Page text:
Figure 2: AXL knockdown in MPNST activates the MAPK pathway in vitro and in vivo. (A) Western blotting of AXL expression after AXL knockdown in S462 and MPNST724 cell lines. (B) Tumor volumes for MPNST724 xenografts (p < 0.05 for MPNST724-AXLsh1 and p < 0.001 for MPNST724-AXLsh2). (C) Representative images of IHC staining for pMEK1/2, pERK, Ki67, and CC3 expression in MPNST724 xenograft tumor samples (magnification 400x). ***p < 0.001 and * p < 0.05. (D) Quantification of Ki67 staining. Bar graph depicts the average of 10 representative fields in three representative animals. (E) Western blot analysis of three representative tumors evaluating the expression of pAXL, AXL, pMEK1/2, MEK1/2, pERK, ERK, pAKT, AKT, and b-Actin.

3.3 Long-term AXL knockdown enhances MPNST cell sensitivity to MEK1/2 inhibition

Based on our in vitro experiments and the increased growth of tumors that had long term AXL knockdown, we investigated the expression of both pMEK1/2 and pERK. We observed increased expression of pMEK and pERK in the tumor samples (Figure 2C, 2E). Although we observed a moderate increase in pMEK and pERK1/2 in IHC, a mild increased was confirmed by western blot. Based on these findings, we hypothesized that dual targeting of AXL and MEK1/2 has a stronger antitumorigenic effect than targeting AXL alone. To test this hypothesis, we assessed the growth of MPNST724-NT and MPNST724-AXLsh2 tumors treated with the vehicle or the MEK inhibitor PD0325901. We treated tumors with PD0325901 25 mg/kg/day, as previous studies with this drug ranged from 2.5mg/kg/day to 25mg/kg/day [28, 29]. MPNST724 with AXL knockdown tumors were significantly smaller when treated with MEK inhibitor PD0325901 when compared to the control tumors (Figure 3A and 3B). Tumors for which AXL was knocked down and treated with the MEK inhibitor demonstrated decreased cell proliferation and increased apoptosis as indicated by Ki67 staining and cleaved caspase three (CC3) staining, respectively (Figure 3D and 3E, Supp Figure 1C and 1D). Together, these results suggest that combination of drugs that target both AXL and MEK may be an effective therapeutic strategy for MPNST.


Figure 3: AXL knockdown enhances MPNST sensitivity to MEK1/2 inhibition in vivo. AXL knockdown enhances the effects of the MEK inhibitor PD0325901 on the growth of MPNST724- NT xenografts (A) and MPNST724-AXLsh2 xenografts (B). (C) Tumor weights for AXL knockdown xenografts treated with vehicle or PD0325901. (D) IHC analysis of AXL, pMEK1/2, pERK, Ki67, and CC3 expression in MPNST724 xenografts treated with vehicle or PD0325901. (E) Quantification of Ki67 IHC staining. ***p < 0.001.

To determine whether these results could be repeated with pharmacological targeting of AXL and MEK1/2, we assessed the growth of MPNST724 tumors in hairless SCID mice treated with vehicle, BMS777607, PD0325901, or both BMS777607 and PD0325901. The inhibitor BMS777607 is a Met family kinase inhibitor, effectively impairing several receptor tyrosine kinases [30]. As expected, tumors treated with the combination therapy were smaller than those treated with either inhibitor alone or with vehicle (Figure 4A and 4B). Furthermore, treatment with both BMS777607 and PD0325901 led to decreased cell proliferation and increased apoptosis, as indicated by Ki67 and cleaved caspase three stainings (Figure 4C and 4D). In agreement with published studies, the levels of pMEK increased upon treatment with PD0325901 (Figure 4D). This phenomenon has also been observed following PD0325901 treatment, with a concomitant decrease in total MEK, in HCT116 colorectal cancer cells as well as in BRAF V600E mutant melanoma cells [31, 32].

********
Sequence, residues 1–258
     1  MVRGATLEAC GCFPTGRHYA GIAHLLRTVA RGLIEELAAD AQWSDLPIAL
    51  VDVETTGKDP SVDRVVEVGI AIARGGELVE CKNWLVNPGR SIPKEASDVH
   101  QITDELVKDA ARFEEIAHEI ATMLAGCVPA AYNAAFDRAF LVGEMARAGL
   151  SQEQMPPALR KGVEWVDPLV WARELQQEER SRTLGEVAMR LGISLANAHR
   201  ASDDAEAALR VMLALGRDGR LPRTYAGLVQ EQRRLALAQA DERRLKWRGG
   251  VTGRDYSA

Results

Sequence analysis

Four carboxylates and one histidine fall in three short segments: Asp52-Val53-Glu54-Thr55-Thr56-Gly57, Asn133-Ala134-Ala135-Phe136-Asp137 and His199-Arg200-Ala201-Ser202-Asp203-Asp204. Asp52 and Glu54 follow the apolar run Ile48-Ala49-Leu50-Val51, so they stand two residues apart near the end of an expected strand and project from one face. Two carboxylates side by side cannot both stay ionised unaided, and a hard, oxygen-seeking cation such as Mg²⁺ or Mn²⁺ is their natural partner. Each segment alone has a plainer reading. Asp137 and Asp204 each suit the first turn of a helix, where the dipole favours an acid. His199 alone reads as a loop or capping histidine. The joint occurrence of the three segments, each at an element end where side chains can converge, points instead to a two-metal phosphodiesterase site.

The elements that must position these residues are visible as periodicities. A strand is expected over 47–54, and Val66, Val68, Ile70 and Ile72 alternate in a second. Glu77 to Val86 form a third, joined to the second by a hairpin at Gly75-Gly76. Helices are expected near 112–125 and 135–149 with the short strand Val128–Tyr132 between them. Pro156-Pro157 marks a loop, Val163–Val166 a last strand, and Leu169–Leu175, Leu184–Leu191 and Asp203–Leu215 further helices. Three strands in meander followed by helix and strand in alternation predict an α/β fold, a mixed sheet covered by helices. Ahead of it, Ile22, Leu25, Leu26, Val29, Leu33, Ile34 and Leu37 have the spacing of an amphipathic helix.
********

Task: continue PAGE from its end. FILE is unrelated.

Figure 4: Pharmacological AXL inhibition and MEK inhibition synergistically inhibit MPNST growth in vivo. (A and B) MPNST724 xenograft tumors treated with both BMS777607 and PD0325901 were smaller than those treated with either agent alone or with the vehicle. (C) IHC analysis of AXL, pMEK1/2, pERK, Ki67, cleaved caspase 3 (CC3), and CD34 expression in MPNST724 xenografts treated with vehicle, BMS777607 alone, PD0325901 alone, or BMS777607 plus PD0325901 (combo). Magnification 200x. ***p < 0.001 and * p < 0.05.

4. Discussion

Loss of NF1 is the primary tumor-initiating event in NF1-MPNSTs. NF1 loss has also been noted in sporadic MPNSTs [1, 33]. However, how additional genetic and epigenetic steps alter critical signaling molecules and subsequently promote MPNST progression and metastasis are unknown. Several pathways have been identified as deregulated in MPNST [34, 35]. In this study, we demonstrated that AXL is expressed in some MPNST cell lines. Further, activation of AXL receptor with GAS6 increased promoted invasion and migration. These results suggest that activation of AXL promotes tumor invasion and metastasis in MPNST, which may explain the poor prognosis of these tumors.